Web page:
Opportunities, challenges and how to increase quantity of coffee produced in PNG
Coffee is one of the most important cash crops that contribute to Papua New Guinea (PNG) economy. A decrease in the quantity of coffee produced in the country corresponds to a loss in government revenue and income of coffee growers.
The National Research Institute (NRI) Discussion Paper No.202: “Determinants of coffee production in major coffee-producing provinces of Papua New Guinea: Challenges and opportunities” by Associate Professor Eugene Ezebilo, Deputy Director for Research at PNG NRI and Professor Carolyn A. Afolami of the Federal University of Agriculture Abeokuta, Nigeria highlight opportunities and challenges associated with coffee production in three major coffee-producing provinces (Eastern Highlands, Morobe and Western Highlands) as well as strategies that can be used to increase the quantity of coffee produced.
The authors found that the opportunities for coffee production in PNG include the following:
- Suitable environmental and climatic conditions for growing Arabica coffee and Robusta coffee respectively.
- Several abandoned coffee plantations that can be revitalised to increase the total coffee production in the country.
- Coffee Industry Corporation (CIC), which is a specialised agency that focuses primarily on coffee including advice on market prices and providing extension services to coffee growers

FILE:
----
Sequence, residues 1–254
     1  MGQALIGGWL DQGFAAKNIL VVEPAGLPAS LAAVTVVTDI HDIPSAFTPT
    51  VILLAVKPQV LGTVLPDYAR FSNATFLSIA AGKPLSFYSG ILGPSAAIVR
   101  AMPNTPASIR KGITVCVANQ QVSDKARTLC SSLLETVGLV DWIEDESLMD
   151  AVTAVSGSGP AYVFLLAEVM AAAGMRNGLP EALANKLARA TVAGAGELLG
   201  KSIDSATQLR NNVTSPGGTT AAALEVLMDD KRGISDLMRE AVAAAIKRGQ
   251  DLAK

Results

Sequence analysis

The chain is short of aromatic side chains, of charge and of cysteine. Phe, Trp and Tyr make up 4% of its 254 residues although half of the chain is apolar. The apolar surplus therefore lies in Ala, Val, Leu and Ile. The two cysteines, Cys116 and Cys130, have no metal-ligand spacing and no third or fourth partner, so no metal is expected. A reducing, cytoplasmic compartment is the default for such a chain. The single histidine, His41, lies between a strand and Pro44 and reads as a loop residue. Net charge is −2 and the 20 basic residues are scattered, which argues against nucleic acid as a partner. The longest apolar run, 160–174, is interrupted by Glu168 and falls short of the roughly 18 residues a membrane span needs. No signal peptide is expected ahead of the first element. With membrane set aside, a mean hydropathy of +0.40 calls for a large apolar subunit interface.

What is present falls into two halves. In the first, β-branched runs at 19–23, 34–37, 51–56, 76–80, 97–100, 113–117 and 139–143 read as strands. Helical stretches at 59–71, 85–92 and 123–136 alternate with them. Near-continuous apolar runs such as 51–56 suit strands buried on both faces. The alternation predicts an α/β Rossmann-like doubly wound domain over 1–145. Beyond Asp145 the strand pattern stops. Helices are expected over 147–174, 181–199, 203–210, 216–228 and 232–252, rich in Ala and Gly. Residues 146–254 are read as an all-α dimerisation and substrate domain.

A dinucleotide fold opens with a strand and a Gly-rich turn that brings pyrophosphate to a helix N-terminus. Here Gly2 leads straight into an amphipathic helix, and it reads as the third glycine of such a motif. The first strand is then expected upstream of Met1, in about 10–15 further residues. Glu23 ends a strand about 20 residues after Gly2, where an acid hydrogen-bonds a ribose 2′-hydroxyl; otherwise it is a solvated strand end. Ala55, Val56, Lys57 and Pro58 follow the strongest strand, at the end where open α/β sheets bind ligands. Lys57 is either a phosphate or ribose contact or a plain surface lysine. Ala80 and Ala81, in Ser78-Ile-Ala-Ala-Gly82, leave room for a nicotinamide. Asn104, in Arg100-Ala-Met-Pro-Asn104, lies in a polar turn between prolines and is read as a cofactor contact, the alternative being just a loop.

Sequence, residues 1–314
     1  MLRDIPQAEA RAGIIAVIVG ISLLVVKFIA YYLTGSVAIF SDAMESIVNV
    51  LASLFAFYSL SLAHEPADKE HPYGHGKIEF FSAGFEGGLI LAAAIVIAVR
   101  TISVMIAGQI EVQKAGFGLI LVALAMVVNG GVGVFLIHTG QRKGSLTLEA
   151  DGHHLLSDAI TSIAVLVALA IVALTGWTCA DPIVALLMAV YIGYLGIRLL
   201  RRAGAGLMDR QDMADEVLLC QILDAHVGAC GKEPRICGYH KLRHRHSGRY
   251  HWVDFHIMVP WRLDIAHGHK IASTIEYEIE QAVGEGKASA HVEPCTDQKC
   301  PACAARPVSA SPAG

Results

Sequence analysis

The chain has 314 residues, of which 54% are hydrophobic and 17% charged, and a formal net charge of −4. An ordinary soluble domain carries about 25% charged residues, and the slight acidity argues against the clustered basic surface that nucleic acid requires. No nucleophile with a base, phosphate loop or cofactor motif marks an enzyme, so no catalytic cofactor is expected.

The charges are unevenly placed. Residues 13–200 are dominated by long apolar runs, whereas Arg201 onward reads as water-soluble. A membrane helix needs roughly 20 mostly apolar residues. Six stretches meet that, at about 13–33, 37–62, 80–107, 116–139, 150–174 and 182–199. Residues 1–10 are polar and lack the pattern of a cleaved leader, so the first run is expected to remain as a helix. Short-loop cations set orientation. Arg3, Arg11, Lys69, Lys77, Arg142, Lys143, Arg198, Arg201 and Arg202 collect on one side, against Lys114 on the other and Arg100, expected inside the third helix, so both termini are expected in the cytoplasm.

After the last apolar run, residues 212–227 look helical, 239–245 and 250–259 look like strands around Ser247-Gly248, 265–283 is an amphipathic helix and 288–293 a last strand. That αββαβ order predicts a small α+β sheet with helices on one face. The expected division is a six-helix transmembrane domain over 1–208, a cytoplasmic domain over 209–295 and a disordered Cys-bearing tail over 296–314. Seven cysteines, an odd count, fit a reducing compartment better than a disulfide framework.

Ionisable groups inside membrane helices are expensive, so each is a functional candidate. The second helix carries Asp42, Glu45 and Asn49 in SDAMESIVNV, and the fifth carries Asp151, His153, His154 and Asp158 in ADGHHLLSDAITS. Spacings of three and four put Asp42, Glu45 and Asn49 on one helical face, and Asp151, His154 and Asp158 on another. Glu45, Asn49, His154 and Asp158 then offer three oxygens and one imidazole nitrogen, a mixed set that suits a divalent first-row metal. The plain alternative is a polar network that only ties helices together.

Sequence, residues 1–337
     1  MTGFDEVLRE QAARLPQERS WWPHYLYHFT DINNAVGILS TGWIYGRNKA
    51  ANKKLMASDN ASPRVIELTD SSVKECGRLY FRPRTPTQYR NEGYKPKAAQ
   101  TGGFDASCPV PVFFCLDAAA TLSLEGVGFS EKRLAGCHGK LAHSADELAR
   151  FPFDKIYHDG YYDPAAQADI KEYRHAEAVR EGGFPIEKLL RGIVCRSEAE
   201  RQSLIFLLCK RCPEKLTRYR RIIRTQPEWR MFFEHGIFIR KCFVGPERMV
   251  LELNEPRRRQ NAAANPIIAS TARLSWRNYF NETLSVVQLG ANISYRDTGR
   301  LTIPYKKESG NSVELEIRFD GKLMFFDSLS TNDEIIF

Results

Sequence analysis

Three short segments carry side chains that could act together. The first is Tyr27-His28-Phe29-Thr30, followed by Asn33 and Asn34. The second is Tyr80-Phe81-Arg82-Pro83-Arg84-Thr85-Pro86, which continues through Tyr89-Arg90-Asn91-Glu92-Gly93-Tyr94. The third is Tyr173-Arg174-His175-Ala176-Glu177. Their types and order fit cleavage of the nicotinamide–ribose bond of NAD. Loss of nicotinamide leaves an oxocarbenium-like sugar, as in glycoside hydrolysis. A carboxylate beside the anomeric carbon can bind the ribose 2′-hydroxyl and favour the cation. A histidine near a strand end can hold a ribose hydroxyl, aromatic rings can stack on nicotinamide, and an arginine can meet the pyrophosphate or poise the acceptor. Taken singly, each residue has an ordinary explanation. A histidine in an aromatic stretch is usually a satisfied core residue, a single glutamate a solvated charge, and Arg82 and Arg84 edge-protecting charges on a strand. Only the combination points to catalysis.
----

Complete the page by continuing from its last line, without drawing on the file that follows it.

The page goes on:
- Two universities (University of Environment and Natural Resources and University of Technology) that can provide skilled labour for coffee production.
- PNG has a standalone Minister for Coffee, which shows Government of PNG’s interest in boosting coffee production in the country.
Key challenges faced by coffee growers include the following:
- Coffee leaf rust disease, which affects coffee leaves and in turn reduce the yield of coffee.
- Coffee berry borer, which is a key pest affecting coffee production that often reduces the quality of their coffee.
- Poor access to extension services as reported by most of the coffee growers interviewed in that extension officers rarely visit them.
- Poor access to market as a result of poor transport facilities, especially poor road conditions.
- Poor access to water for processing coffee and shortages of labour for harvesting coffee.
Using modelling approach, the authors found that the quantity of coffee can be increased by:
- Increasing the scale of coffee production by expanding the size of coffee plot cultivated.
- Using hired labour in coffee production.
- Implementating development projects such as Productive Partnership in Agriculture Project (PPAP).
- Planting more Arabica coffee in the Highlands region.
- Training coffee growers on modern coffee production techniques.
- Providing coffee growers opportunities to access education.
- Encouraging coffee growers to join a coffee cooperative.
The Report was launched today by Dr Mathew Landu, Acting Vice Chancellor of the University of Goroka at the Unigor Conference Room, University of Goroka, Eastern Highlands Province.
The Publication and Media Release can be accessed on the PNG NRI website https://www.pngnri.org.
Authorised for release by:
Dr. Osborne O. Sanida
Director, PNG NRI